Brookfield’s Flatt sees bids at higher valuations than pre-covid

The zero-interest rate environment will have a positive impact on real assets, says the chief executive in the firm's second-quarter earnings call.

Brookfield Asset Management’s chief executive Bruce Flatt expects the low interest rate environment to bode well for private market assets, particularly real estate and infrastructure.

In the firm’s second-quarter earnings call, Flatt said just in the past few weeks, he is starting to “see bids for real estate and infrastructure assets at higher multiples than pre-covid.”

In March, the US Federal Reserve cut interest rates to near zero to support the economy during the coronavirus pandemic. The target federal funds rate was kept unchanged in its July 29 meeting.

“With a zero-interest rate environment here and it increasingly looking like it will be here for five years plus, this will also have a meaningful impact in a positive way on the real assets that we already own,” Flatt said. “The majority of our assets today have long-term, fixed contracts, either long-leased property, contracted power or utility or utility-like assets. And with interest rates dropping, the value ascribed to these cash flow streams increases significantly.”

Alongside higher valuations, the benefits of low rates also extend to stronger fundraising momentum as institutional investors look to increase their non-fixed-income allocations to meet their return objectives.

“The floodgates have only started to open and the reason is that if you are trying to earn 5-8 percent within an institutional pool of money, there really is no hope to do that with traditional fixed income,” he explained. “And as a result of that, other than holding cash for liquidity purposes or short bonds for liquidity purposes or some form of long bonds just for safety, all other pools of former fixed income allocations are going to come to lower risk alternatives, and therefore that is going to enhance private credit opportunities. It is going to enhance real estate, infrastructure and all the products that we offer.”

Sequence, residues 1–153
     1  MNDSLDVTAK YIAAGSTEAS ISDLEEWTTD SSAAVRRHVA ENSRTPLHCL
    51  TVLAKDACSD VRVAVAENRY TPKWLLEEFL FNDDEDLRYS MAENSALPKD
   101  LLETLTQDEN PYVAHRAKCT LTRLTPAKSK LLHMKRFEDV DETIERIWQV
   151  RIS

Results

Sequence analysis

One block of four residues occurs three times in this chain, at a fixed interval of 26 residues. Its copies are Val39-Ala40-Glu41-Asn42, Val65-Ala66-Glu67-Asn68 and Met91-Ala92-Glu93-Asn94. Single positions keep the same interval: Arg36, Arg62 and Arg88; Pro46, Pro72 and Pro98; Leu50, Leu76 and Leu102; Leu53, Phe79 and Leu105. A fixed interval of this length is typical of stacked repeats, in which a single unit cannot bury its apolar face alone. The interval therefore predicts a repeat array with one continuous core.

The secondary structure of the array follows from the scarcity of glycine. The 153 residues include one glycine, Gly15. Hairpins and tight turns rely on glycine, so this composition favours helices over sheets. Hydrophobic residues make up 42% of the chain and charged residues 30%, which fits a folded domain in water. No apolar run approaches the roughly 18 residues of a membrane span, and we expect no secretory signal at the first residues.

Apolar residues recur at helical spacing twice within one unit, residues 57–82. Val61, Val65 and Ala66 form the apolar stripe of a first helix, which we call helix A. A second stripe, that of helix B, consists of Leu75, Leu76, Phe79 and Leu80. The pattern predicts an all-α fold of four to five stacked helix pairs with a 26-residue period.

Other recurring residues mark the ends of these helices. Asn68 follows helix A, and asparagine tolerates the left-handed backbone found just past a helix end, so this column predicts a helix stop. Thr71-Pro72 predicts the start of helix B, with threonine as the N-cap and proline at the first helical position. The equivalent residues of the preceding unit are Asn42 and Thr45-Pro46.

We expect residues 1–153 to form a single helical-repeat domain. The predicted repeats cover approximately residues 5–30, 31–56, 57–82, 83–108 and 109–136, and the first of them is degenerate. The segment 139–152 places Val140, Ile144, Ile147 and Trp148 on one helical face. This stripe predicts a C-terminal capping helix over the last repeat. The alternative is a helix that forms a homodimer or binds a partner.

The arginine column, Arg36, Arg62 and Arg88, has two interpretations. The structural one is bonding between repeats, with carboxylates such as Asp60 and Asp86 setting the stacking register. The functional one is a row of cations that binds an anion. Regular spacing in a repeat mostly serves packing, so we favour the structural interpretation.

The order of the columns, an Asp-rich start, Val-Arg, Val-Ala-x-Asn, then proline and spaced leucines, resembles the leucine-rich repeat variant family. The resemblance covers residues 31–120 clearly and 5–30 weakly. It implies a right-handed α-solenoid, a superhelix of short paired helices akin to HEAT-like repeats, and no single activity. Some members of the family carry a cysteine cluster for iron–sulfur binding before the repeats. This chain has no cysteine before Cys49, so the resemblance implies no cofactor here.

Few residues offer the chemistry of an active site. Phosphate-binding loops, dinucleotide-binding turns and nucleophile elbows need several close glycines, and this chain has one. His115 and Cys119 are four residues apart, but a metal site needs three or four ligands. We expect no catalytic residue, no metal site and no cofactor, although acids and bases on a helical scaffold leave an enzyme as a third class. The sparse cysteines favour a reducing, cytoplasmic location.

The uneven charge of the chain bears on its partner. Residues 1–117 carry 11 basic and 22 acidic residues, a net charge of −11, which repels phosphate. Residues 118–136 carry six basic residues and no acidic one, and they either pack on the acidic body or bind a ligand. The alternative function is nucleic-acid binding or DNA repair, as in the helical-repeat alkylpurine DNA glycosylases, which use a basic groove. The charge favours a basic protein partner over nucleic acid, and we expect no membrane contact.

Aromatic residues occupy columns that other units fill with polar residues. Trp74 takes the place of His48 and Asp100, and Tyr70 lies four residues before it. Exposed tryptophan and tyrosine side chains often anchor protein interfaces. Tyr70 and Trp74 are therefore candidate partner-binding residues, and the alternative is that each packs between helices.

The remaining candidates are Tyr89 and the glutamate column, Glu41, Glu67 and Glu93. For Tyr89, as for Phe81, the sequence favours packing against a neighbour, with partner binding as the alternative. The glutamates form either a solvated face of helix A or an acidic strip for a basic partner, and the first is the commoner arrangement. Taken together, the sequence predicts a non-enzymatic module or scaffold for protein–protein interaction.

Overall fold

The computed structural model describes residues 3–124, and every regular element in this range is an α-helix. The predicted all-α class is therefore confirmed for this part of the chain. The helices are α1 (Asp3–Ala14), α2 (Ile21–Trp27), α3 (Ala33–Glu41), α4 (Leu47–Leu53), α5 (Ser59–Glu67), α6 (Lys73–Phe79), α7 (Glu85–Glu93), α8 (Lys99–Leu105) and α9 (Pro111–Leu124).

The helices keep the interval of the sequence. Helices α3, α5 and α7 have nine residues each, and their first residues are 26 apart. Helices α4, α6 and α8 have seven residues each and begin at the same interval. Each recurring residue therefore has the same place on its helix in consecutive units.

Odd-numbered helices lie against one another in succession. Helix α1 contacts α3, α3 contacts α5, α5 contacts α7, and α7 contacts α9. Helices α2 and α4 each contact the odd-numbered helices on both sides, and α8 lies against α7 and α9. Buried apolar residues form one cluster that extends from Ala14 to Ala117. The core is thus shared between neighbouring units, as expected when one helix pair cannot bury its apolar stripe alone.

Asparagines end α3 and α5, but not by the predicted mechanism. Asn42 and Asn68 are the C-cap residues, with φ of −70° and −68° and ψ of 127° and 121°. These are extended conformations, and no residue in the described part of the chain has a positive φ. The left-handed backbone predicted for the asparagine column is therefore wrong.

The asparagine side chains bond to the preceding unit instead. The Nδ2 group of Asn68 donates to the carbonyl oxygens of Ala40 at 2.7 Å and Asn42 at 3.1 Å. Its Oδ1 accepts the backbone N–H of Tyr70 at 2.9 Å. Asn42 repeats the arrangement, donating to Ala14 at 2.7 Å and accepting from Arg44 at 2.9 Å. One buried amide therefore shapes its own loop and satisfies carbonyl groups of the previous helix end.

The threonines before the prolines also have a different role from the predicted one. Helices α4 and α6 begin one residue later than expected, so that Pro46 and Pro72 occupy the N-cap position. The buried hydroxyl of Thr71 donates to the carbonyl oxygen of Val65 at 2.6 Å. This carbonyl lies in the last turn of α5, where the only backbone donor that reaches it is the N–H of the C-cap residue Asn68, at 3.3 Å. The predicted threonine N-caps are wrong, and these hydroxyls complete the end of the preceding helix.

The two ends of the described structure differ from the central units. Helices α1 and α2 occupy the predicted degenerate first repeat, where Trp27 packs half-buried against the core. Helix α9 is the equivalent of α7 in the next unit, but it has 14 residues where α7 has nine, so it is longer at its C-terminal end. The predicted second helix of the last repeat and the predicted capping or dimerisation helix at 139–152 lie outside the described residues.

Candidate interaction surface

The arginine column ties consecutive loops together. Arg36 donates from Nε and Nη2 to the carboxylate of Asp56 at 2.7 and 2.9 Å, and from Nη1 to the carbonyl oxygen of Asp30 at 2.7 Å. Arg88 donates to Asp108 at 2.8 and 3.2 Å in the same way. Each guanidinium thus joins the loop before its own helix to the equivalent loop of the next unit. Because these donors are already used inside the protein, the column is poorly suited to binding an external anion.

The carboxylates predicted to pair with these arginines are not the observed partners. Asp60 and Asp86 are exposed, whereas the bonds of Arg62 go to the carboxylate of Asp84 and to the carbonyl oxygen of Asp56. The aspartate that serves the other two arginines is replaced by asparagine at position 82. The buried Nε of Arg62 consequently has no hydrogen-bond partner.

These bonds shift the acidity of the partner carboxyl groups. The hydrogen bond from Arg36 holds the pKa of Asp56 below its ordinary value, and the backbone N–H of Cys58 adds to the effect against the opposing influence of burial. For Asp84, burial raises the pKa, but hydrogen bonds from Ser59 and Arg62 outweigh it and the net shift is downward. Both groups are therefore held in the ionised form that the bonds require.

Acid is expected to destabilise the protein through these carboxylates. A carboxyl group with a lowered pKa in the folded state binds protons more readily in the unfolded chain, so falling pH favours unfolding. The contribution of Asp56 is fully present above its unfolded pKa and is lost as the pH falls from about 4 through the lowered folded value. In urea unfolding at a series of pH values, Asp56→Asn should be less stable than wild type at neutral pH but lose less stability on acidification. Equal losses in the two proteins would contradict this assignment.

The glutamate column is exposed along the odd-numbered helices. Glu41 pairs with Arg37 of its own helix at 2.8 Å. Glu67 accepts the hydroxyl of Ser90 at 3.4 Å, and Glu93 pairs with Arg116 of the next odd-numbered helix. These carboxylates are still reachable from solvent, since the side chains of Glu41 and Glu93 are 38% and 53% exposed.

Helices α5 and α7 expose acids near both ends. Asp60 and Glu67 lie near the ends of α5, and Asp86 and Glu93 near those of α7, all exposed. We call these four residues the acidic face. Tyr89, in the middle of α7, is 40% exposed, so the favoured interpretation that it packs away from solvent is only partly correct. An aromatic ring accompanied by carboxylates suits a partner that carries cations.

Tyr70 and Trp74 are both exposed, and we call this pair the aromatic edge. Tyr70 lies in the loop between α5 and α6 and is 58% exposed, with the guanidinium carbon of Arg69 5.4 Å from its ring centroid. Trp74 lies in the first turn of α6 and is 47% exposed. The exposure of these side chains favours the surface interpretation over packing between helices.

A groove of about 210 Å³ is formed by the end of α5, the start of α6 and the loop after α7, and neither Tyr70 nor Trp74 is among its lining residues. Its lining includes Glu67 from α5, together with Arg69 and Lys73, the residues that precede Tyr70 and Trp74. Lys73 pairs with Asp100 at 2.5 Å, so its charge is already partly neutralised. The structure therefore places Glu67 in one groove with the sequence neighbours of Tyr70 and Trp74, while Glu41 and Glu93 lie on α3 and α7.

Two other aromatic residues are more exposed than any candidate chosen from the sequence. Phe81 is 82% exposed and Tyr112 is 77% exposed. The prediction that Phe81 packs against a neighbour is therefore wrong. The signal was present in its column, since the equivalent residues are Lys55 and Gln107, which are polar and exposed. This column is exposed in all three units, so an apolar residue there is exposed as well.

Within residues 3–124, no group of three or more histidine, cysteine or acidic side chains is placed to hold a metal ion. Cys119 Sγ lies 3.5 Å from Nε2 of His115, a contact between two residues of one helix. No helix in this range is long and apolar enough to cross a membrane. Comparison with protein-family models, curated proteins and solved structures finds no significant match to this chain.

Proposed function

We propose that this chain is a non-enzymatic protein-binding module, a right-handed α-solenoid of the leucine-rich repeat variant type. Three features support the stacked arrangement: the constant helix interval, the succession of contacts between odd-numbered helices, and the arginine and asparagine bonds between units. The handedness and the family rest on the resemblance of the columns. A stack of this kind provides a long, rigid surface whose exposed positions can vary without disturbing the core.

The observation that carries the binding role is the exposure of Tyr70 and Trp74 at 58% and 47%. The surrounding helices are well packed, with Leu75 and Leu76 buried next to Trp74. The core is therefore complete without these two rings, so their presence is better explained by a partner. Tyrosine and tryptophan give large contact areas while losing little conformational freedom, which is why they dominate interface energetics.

Brookfield Asset Management raised $23 billion across various pools of capital, including $12 billion for its latest flagship distressed credit fund, making the second quarter the firm’s strongest-ever fundraising period. The fundraising momentum also included a €725 million first close for Brookfield Premier Real Estate Partners Europe, a European perpetual core-plus real estate fund. Brookfield’s total assets under management have increased to approximately $550 billion, up from $519 billion in Q1 2020.